I do think we're in trouble. But I don't know why the world isn't falling down around my ears right this very moment. Apparently the game can keep going on and on and on.

You're right. there is an unspoken effort to "keep the show Going" by those that have the MOST to lose if it stops.

As usually happens, the END GAME will occur when we least expect it.

All you and I can do is realize that the best we can do is be prepared for the INEVITABLE.

27 posted on 02/03/2013 11:01:51 AM PST by VideoDoctor
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To: mountn man
Before the bubble burst, there were homes being built everywhere. Financing was cheap and very easy.

Austrian economic theory explains this quite readily. Artificially low interest rates lead to malinvestment, that is, investment in things that would be uneconomical at real market interest rates. So we had over-investment in housing. Then the bubble burst. Lots of unwanted housing, and housing people realized they couldn't afford.

I'll give Rudyard Kipling the last word:

And that after this is accomplished, and the brave new world begins

When all men are paid for existing and no man must pay for his sins,

As surely as Water will wet us, as surely as Fire will burn,

The Gods of the Copybook Headings with terror and slaughter return!

28 posted on 02/03/2013 11:41:20 AM PST by JoeFromSidney ( New book: RESISTANCE TO TYRANNY. Buy from Amazon.)
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To: kabar

Once the Marylander imports succeed in raising NoVa taxes to Montgomery County, MD levels, the bubble will burst. Fairfax County won’t be attractive any more.


29 posted on 02/03/2013 11:52:00 AM PST by Hoodat ("As for God, His way is perfect" - Psalm 18:30)
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To: ClearCase_guy

Every possible trick is being used to forestall the ultimate collapse and I agree that it has worked longer than I ever thought it possibly could but there is also the huge effort to keep the truth covered up. We have no news media willing to tell the truth. If we had real investigative reporting on TV and in newspapers we would not be in the shape we are in and that shape is far worse than is being reported.


30 posted on 02/03/2013 12:45:03 PM PST by RipSawyer (I was born on Earth, what planet is this?)
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To: MinorityRepublican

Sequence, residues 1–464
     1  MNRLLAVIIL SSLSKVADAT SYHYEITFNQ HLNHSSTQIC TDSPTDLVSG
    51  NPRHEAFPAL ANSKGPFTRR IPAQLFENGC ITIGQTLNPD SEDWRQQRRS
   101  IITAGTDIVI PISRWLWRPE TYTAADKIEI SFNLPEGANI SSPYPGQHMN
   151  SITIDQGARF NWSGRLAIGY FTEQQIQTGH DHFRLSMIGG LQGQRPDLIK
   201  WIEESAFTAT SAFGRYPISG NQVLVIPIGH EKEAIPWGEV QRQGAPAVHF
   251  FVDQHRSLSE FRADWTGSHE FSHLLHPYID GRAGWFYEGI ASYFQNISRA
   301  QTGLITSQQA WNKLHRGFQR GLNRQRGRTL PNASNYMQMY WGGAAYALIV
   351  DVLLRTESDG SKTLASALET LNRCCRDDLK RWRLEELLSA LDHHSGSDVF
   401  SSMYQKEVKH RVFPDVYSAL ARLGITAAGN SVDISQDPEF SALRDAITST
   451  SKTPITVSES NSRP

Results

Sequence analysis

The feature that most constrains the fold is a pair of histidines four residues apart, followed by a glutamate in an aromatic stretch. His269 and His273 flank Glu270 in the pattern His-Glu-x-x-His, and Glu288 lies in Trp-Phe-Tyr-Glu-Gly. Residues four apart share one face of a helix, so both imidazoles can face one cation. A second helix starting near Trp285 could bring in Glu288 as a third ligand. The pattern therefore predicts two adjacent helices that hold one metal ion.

Whatever happens, it is already popping. Defense spending has already started to decline and it will be reduced tremendously in March.

Never happen. Both parties don't want to cut spending. There will be a deal on sequestration "postponing" cuts to out years and increasing revenue thru cutting loopholes. We are just watching another kubuki dance.

"Of course, as Brad Plumer notes in the Washington Post's Wonkblog today, defense spending always trails off in the fourth quarter, because the department, like other federal agencies, tends to squeeze a lot of spending into the third quarter because it's when the fiscal year ends. But a drop that breaks a 40-year record is another thing entirely.

And it's worth remembering that these cuts took place before Defense agencies recently went public with the news that they are slowing procurement spending, cutting contract workers and preparing for civilian employee furloughs in anticipation that a sequester will kick in at the end of February."

31 posted on 02/03/2013 2:15:49 PM PST by kabar
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To: Hoodat

Dream on. The GOP still controls the governorship and the House of Delegates by a wide margin. It is a deadlock in the Senate.


32 posted on 02/03/2013 2:18:47 PM PST by kabar
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To: Kaslin

Question: what is a slick (and possibly illegal) way to keep property taxes high, when houses won’t sell at all?


33 posted on 02/03/2013 2:34:39 PM PST by familyop (We Baby Boomers are croaking in an avalanche of rotten politics smelled around the planet.)
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To: JoeFromSidney
I had heard a story one time, that when the JC Penney company was first thinking about extending credit, James Cash himself told the board that credit might actually increase company sales and profits, but that credit would ultimately hurt their customers, as it would encourage them to buy things they really didn't need with money they really didn't have.

The board won out.

Our entire society is a credit based economy. And though there are places for credit, JC's words ring very true today.

34 posted on 02/03/2013 3:19:45 PM PST by mountn man (ATTITUDE- The Pleasure You Get From Life, Is Equal To The Attitude You Put Into It.)
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To: The Duke

Where is your “hometown”? We’re seriously looking into moving to Tennessee. IF we can sell our house. And that’s a big IF.


35 posted on 02/03/2013 8:49:39 PM PST by Terry Mross (Who long before America is no more?)
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To: Hoodat

I feel that too.


36 posted on 02/03/2013 8:53:43 PM PST by riri (Plannedopolis-look it up. It's how the elites plan for US to live.)
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To: ClearCase_guy

Things keep going until God says otherwise. The Bible says that God raises the nations up and brings them down. When God says “go!”, the rug will be pulled out from under!


37 posted on 02/04/2013 4:33:16 AM PST by mdmathis6 ("Barry" Xmas to all and have a rapaciously taxable New Year!)
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To: Terry Mross

You should have a detailed email reply from me in your Freeper mailbox. Glad to help!


38 posted on 02/05/2013 7:32:48 PM PST by The Duke